India invented home delivery. And e-commerce. The only gadget involved was a telephone that required you to pick up the receiver, dial the number, and have it delivered — well before the age of online shopping as we know it today.
Despite that, print will never die in India.
Because it’s delivered to your doorstep and not just to your tablet or smartphone as an ‘alert’. Literacy levels are increasing as is Internet penetration, but Google is not your first port of call when you start to read. It’s print. You enter your freshman reading years with comic books and graduate to novels but throughout that journey, you never give up on newspapers and magazines. The joy of holding the crisp morning paper or the latest issue of your favourite fortnightly is irreplaceable.
India understands this because print circulation has increased 12% (2015 figures) while it has declined at a similar rate in the UK, rest of Europe, and the USA. Coupled with an increase in digital content consumption, the debate shifts from ‘print vs the rest’ to ‘print and the rest’. How do they co-exist in a country which is getting younger but also getting more socially and politically active? While one medium serves bite-sized information, the other provides a narrative that carries with it a lot of gravitas and respect.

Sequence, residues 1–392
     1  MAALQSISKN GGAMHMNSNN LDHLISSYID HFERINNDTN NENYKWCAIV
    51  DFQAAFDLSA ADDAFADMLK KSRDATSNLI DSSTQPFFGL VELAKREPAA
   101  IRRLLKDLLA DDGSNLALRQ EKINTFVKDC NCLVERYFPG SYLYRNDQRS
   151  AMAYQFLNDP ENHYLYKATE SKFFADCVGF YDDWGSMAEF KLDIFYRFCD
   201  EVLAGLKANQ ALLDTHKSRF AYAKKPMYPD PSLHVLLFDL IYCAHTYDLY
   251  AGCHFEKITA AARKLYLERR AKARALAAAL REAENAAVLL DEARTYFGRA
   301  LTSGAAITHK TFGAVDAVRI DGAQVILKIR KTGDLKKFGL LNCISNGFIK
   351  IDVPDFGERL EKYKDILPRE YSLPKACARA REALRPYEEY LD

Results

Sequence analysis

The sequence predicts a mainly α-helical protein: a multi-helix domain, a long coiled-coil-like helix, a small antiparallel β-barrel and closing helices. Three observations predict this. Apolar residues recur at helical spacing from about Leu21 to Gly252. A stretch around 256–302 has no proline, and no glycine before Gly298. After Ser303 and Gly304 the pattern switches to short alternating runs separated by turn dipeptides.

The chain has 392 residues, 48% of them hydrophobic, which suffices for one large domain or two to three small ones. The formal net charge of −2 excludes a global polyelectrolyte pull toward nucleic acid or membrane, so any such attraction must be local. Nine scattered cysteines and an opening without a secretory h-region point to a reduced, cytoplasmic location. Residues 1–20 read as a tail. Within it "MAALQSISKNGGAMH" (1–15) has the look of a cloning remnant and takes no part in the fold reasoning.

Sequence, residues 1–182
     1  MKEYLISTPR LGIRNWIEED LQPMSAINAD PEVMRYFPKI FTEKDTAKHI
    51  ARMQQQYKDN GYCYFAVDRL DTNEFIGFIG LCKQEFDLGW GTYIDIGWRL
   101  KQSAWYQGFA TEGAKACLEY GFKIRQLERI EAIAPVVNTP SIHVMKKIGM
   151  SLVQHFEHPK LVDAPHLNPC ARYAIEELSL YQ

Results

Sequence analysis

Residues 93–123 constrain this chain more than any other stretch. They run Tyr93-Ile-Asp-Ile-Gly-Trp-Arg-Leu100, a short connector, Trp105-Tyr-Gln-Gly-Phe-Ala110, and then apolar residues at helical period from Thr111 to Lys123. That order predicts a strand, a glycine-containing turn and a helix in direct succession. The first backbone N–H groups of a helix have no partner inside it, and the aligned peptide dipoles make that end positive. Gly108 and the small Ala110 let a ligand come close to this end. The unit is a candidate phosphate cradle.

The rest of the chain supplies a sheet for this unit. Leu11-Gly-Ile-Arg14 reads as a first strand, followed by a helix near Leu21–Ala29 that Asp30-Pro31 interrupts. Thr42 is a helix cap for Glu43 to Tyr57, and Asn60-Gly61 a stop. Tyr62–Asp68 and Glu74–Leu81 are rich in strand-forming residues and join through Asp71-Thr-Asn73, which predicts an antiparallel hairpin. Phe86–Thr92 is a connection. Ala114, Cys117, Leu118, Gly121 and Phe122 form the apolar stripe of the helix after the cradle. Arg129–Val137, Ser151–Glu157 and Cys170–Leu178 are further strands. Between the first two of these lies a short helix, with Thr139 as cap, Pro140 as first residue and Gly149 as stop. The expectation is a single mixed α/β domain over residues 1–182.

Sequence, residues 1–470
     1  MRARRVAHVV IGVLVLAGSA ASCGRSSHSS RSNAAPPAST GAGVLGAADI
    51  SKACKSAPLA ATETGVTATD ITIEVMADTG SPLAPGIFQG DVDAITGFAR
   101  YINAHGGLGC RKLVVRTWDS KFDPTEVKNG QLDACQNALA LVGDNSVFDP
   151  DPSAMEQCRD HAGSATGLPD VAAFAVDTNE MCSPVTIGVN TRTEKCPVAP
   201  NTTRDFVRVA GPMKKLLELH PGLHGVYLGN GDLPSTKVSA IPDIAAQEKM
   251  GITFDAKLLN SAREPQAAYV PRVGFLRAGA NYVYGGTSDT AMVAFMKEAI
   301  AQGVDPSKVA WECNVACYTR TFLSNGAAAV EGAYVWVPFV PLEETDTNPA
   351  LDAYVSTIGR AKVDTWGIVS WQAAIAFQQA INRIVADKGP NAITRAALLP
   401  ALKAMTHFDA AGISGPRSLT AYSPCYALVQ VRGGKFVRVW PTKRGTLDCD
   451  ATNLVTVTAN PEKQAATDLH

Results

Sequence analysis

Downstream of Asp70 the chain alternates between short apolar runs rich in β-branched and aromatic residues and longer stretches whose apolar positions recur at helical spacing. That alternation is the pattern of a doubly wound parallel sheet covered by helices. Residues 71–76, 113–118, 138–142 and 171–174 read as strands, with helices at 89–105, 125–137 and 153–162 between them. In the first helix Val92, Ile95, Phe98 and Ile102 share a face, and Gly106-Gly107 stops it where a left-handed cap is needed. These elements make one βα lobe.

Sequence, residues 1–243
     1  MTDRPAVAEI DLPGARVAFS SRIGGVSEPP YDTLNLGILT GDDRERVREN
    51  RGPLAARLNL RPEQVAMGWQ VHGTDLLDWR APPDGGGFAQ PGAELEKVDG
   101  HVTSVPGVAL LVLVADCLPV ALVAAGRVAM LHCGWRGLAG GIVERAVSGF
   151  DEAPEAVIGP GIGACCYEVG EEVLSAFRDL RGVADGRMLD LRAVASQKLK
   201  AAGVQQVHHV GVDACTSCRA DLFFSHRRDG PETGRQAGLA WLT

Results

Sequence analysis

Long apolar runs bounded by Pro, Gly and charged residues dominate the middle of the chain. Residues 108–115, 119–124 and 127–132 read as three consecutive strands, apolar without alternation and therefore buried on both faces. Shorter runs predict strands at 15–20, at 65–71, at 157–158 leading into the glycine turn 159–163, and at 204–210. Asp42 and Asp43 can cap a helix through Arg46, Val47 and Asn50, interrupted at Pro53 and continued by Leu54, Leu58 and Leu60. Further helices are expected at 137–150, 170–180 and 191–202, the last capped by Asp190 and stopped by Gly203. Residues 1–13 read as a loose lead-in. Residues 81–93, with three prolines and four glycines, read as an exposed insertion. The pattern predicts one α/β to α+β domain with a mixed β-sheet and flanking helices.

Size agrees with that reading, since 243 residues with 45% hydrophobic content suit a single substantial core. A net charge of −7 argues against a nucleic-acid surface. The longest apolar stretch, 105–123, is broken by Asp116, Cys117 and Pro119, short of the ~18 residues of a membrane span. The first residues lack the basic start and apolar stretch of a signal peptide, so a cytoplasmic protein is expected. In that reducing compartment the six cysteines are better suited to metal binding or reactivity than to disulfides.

And for those wondering, it’s the Hindi papers that are witnessing a higher circulation rather than their English counterparts, which shows that literacy levels (and interest in the country, politics, etc) are increasing, especially in certain states. The 2016 Audit Bureau Circulation (ABC) report indicates that two of the top three circulated newspapers were Hindi dailies – Dainik Jagran and Dainik Bhaskar – followed by The Times of India.
There’s a strange pleasure in reading a freshly printed newspaper or magazine. The turn of the first page, the ironing out of the fold — it’s my caffeine shot, my morning alarm. It’s what gets me up and going in the morning.
I am a digital device multi-tasker (if you include television viewing as well) and of the worst kind. While writing this article I was watching TV and had my smartphone next to me, checking messages, the stock market, and of course social media.
But only after I finished reading the morning papers.
Click here to read about the Pink Lemonade take on whether Print is Dead.